Bringing you insights from the PING Proving Grounds, where our talented team of engineers, researchers, fitting experts and data scientists design and develop the newest product and fitting technologies to help you play better. Using the most advanced tools available, we’ll explain and explore the science behind golf-equipment performance. We’ll separate fact from fiction with the goal of helping you make informed decisions when choosing the PING equipment best suited for maximizing your performance.
Putting is, in many ways, the simplest skill in golf. Being a good putter comes down to three basic skills – controlling the initial direction of the putt, gauging the speed, and reading greens. Our company was founded on the basic engineering principle of spreading the mass in the putter head to increase the Moment of Inertia (forgiveness) and help off-center hits roll on a line and with speed more similar to center hits. More recently, our TR Face Technology has helped enhance distance control by giving an even speed response across the face of the putter. There is a lot of technology helping players with speed control.
A very interesting challenge is understanding how the putter might help a player start the ball on the intended line more consistently. Different players line up better with different head shapes and alignment features. This doesn’t necessarily mean having a perfectly square alignment at address – even most of the best putters in the world have a bias in their address alignment. We need to measure the ability to regularly hit the intended start line. This field of understanding how the shape, color and features of the putter affect alignment is part engineering, part psychology and part physiology. We have been enhancing our research by using tools such as eye tracking glasses (which tell us exactly where a player’s gaze is focused before, during and after the putting stroke) and partnering with academic experts in the field to dig deep into this interesting area.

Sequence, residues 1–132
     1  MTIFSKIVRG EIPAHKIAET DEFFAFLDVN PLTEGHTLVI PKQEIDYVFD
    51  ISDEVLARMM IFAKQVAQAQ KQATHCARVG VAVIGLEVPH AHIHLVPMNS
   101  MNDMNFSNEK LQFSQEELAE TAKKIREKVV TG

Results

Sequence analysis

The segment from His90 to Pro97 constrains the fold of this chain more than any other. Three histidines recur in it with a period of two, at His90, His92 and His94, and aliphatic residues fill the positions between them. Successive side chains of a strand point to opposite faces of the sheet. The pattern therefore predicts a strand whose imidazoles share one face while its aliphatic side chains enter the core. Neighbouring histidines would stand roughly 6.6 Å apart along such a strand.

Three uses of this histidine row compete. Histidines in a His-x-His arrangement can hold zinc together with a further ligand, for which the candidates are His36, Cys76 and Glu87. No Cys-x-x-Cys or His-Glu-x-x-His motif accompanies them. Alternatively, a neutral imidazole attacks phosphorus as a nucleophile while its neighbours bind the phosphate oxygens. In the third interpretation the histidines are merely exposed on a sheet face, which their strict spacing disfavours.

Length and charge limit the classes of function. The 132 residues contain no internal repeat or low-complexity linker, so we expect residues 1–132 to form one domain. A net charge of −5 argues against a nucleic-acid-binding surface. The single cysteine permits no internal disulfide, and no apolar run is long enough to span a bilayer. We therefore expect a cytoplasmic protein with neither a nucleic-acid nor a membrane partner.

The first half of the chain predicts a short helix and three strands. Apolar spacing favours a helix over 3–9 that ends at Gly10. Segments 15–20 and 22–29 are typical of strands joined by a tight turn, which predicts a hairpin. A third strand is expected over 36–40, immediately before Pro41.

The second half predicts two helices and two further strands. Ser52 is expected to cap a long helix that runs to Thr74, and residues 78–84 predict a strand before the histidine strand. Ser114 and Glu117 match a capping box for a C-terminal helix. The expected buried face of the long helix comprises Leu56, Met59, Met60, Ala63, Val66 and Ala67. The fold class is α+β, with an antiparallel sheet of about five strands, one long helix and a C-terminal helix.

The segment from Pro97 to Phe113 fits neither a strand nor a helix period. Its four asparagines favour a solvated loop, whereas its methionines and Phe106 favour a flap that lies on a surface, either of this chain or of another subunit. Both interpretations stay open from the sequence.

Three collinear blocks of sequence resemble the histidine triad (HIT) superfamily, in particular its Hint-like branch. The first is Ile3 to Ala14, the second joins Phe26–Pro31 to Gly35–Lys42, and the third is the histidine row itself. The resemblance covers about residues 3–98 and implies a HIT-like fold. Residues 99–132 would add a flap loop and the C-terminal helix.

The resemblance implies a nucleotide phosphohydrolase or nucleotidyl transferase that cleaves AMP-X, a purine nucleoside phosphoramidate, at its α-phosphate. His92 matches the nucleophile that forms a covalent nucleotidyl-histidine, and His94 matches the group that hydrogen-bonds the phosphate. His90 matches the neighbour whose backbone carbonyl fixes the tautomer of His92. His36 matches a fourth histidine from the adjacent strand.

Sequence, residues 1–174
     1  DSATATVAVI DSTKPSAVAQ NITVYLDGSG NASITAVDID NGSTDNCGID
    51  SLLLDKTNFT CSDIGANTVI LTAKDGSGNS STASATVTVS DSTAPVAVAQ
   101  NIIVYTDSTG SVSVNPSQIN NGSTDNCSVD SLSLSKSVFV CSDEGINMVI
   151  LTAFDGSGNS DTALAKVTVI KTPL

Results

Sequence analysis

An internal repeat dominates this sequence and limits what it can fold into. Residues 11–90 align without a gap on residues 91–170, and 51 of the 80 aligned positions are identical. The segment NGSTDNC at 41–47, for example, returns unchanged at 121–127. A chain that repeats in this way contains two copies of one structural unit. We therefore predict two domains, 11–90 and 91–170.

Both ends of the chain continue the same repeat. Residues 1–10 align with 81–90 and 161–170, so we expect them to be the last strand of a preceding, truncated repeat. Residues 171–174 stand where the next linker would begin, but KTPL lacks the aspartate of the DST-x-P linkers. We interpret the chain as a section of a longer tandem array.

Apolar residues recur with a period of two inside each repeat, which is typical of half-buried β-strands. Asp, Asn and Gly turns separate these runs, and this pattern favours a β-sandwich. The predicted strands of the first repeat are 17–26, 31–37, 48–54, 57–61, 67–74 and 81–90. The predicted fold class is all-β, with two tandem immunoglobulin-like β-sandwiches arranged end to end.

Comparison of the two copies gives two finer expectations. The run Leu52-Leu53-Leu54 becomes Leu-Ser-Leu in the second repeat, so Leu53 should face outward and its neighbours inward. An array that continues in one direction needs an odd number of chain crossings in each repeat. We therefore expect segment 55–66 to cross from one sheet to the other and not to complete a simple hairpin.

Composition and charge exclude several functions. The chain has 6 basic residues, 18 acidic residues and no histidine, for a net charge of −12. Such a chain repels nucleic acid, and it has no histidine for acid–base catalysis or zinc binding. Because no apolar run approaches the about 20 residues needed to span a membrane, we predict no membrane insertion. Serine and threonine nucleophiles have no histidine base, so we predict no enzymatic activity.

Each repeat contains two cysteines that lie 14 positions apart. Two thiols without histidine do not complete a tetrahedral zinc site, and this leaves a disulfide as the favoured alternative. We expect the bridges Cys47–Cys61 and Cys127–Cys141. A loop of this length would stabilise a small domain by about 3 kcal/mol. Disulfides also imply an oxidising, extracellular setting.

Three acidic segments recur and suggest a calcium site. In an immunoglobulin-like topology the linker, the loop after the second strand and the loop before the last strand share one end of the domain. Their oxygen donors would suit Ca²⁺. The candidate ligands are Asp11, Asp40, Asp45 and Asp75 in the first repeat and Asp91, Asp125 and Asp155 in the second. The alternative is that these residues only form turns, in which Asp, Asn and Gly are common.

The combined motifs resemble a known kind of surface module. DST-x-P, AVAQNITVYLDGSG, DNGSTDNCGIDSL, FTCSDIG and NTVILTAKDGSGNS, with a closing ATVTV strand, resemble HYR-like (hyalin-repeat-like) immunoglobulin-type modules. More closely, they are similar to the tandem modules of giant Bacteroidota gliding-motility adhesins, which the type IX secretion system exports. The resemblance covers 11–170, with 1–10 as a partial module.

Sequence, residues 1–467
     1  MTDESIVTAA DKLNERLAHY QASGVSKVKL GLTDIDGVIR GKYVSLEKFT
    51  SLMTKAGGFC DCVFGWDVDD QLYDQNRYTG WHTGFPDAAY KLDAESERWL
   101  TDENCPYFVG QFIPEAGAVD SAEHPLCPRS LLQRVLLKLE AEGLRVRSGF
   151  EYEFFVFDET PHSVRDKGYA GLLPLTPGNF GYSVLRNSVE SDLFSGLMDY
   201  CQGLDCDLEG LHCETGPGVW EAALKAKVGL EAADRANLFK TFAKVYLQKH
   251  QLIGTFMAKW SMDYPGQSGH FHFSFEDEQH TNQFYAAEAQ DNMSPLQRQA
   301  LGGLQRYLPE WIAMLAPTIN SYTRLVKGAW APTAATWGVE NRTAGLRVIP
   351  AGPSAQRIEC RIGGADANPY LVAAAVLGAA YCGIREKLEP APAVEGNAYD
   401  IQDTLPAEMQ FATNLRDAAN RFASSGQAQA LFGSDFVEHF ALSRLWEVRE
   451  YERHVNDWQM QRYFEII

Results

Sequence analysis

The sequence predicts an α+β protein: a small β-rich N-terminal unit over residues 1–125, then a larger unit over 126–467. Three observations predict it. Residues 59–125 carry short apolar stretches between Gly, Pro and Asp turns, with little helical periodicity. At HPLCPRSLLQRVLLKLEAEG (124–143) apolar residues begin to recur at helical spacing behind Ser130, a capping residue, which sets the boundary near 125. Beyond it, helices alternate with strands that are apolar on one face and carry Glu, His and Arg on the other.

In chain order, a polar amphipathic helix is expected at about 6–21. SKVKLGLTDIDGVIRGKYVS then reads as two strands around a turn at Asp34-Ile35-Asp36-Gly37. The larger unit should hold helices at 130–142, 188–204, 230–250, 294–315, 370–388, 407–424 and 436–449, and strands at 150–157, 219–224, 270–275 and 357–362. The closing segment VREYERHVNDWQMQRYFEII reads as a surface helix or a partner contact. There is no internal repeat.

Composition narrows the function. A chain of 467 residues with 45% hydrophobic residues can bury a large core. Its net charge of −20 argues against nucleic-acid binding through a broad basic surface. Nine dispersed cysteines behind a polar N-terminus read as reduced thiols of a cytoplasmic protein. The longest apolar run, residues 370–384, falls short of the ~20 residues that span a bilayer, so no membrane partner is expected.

We have done research aimed at identifying some general rules we could use to categorize players who would perform well with particular alignment features. We asked a large group of players to try putters of all kinds of shapes, sizes, colors and alignment cues. We then used a technique called “cluster analysis” that groups together players with similar preferences and performance outcomes. For example, it would identify that “John” is pretty similar to “Jane” in terms of optimum putter alignment archetype – they are in the same “cluster”. What we found was that the vast majority of players fall into four different archetypes based on the primary feature they use for alignment.
These are the four archetypes:
Players who use the top rail as an alignment aid will typically pair this perpendicular alignment feature with a small line behind it (as shown in the two putters on the left) but sometimes they prefer a simple dot or even nothing at all. Often players will comment that they like a very “clean top rail”; other lines and shapes on the putter can be considered distracting to this golfer.
This group of players predominantly use a ball-width alignment feature such as parallel lines a ball width apart or some kind of optigraphic shape such as the hole in the middle of the Fetch putter shown above. Some blades can have ball-width alignment lines too, such as the Voss (above). This player will often use language such as “this putter frames the ball really well”.
Players who putt well with mallet-style putters find great value in the length of the alignment feature. For some players, a long alignment style can become distracting, but for this group it helps provide confidence in the alignment. We hear comments like “alignment is automatic with this putter”.